Selangor Journal

Don’t underestimate threat of DAESH in Southeast Asia

SHAH ALAM, JUL 3: The one-month long battle between the Philippine armies and the militants who had vowed allegiance to Daesh leader (Islamic State), Abu Bakar al-Baghdadi, in order to capture Marawi city in Mindanao is a reminder not to underestimate the threat from that terrorist group in the Southeast Asia.
The fierce fight on the streets of Marawi took hundreds of lives from to armies, militants and the public and it showed Daesh’s increasing influence in Southeast Asia although many of its members were killed in battle and its declining influence in Iraq and Syria.
An anti-terrorism expert said, Daesh’s defeat in the Middle East may have lulled governments in Southeast Asia to belittle its threat which is increasingly spreading in the region.
“Islamic State (Daesh) is far more advanced in Southeast Asia than predicted earlier,” said Phill Hynes, the head for political and risk analyst at ISS Risk based in Hong Kong, during a panel discussion titled “Can Southeast Asia become the New Islamic State Frontliners” in Thailand Foreign Reporters’ Club recently.
Bernama reported that the fighting in Marawi demonstrated the ability of local militant groups, Maute and Abu Sayyaf who joined forces with Daesh, to plan and deploy large-scale terror operations such as capturing and occupying the coastal city in the southern Philippines populated by 200,000 people.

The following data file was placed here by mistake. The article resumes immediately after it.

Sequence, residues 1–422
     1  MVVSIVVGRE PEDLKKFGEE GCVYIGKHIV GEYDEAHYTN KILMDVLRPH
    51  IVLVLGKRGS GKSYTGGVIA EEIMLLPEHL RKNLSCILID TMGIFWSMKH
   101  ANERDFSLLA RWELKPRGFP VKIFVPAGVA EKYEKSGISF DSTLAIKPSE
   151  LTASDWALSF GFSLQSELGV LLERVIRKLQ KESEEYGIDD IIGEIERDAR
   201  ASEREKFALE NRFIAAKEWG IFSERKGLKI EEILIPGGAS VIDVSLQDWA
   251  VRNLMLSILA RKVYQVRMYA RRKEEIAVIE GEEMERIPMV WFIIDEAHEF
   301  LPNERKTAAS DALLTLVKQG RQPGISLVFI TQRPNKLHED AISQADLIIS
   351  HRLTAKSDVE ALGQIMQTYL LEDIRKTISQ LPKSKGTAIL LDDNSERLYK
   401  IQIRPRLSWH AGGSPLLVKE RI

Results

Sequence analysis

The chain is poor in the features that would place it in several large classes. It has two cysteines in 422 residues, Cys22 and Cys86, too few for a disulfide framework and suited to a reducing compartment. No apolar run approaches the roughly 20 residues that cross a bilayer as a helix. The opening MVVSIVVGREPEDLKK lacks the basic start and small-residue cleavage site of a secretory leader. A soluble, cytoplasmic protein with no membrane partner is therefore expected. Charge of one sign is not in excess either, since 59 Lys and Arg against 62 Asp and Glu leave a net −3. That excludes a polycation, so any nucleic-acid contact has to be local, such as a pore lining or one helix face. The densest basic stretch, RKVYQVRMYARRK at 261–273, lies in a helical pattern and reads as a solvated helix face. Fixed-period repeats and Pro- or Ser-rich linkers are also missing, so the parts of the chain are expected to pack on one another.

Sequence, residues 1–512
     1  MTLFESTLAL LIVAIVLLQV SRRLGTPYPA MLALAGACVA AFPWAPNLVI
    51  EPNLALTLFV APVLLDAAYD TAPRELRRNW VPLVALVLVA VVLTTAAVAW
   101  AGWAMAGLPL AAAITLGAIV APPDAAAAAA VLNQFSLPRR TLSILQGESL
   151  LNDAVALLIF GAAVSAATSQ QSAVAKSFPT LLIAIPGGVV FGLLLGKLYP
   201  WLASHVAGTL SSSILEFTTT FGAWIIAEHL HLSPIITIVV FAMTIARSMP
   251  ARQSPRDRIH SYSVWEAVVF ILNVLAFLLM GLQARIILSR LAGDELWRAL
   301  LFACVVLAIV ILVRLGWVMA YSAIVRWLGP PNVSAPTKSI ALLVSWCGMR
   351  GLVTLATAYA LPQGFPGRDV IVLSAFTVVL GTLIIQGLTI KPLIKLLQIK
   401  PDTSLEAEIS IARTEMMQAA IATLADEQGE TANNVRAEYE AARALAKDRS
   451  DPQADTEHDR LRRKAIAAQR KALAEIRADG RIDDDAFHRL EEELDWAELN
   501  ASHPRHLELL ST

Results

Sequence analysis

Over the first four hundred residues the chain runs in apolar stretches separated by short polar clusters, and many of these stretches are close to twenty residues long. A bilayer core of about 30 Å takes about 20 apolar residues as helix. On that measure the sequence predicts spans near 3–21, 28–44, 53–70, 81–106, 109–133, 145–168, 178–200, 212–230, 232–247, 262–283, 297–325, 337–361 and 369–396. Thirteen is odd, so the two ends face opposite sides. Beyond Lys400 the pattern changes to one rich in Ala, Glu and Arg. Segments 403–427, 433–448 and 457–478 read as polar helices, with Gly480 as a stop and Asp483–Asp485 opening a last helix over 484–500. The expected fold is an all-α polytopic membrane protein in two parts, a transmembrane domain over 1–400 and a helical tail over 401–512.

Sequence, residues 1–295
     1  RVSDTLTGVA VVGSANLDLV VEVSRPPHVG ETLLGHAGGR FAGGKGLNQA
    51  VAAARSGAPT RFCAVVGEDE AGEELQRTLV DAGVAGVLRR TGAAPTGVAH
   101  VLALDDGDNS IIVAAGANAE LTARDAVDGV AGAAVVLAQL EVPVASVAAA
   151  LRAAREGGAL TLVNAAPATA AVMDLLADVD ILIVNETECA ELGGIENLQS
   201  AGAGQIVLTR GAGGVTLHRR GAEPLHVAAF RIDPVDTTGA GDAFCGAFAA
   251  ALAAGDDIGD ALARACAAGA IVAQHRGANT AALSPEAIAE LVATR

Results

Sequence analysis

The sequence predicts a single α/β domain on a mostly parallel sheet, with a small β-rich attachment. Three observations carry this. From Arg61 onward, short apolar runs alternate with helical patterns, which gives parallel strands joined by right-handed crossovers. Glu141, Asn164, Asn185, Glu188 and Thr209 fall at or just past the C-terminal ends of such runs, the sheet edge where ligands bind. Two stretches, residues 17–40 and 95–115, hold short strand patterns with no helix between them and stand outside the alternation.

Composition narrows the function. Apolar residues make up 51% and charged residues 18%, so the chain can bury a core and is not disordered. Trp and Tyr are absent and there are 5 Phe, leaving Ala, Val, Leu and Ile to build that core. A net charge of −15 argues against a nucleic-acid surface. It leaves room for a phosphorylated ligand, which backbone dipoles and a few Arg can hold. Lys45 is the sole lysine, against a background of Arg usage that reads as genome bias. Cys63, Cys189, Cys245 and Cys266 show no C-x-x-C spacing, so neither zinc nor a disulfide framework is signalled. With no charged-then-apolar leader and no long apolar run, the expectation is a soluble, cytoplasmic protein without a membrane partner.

Its ability to withstand attacks by Philippine military, who has a more complete arsenal including air strikes, for over a month, proved again that Daesh military’s capability and confidence are increasing.
The local militant group entrenched in Marawi is said to be led by the most wanted terrorist, Isnilon Hapilon, so much so the US government even offered a reward of USD5 million for his capture.
According to Hynes, the development in Marawi can inspire the group and eventually pull other members from outside to look at Southeast Asia as a new battleground.
“The fight in Marawi is an inspiration to Daesh followers, not necessarily as an attempt to create a ‘region’ in Southeast Asia. It is to inspire all of them, their followers and create a momentum,” said the expert.
He said countries in this region need to improve their ability to deal with the threats that triggered by Daesh and its supporters and not suffer the same fate as the Philippines.
He was surprised with the failure of Manila’s intelligence to predict the militant’s movement in Marawi, which he said showed how Philippines is the weakest in the region in the fight against Daesh.
Another panel member, Endy Bayuni who is the Jakarta Post senior editor said, the violent ideology promoted by Daesh has failed to attract supporters and followers from Indonesia although the country has the most Muslim population in the world.
“Daesh is not popular in Indonesia,” he said. He also estimated a merely 500 people in Indonesia who are affected by the ideology and said that the country’s moderate approach to Islam is the main reason the idealogy is rejected by most of its citizens.
He described several incidents involving Daesh supporters in the country as isolated cases and do not provide a true picture of Indonesia as a moderate Muslim country.
Meanwhile, another member of the panel, Rungrawee Chalermsripinyorat said Thailand remains free of any Daesh related issues.

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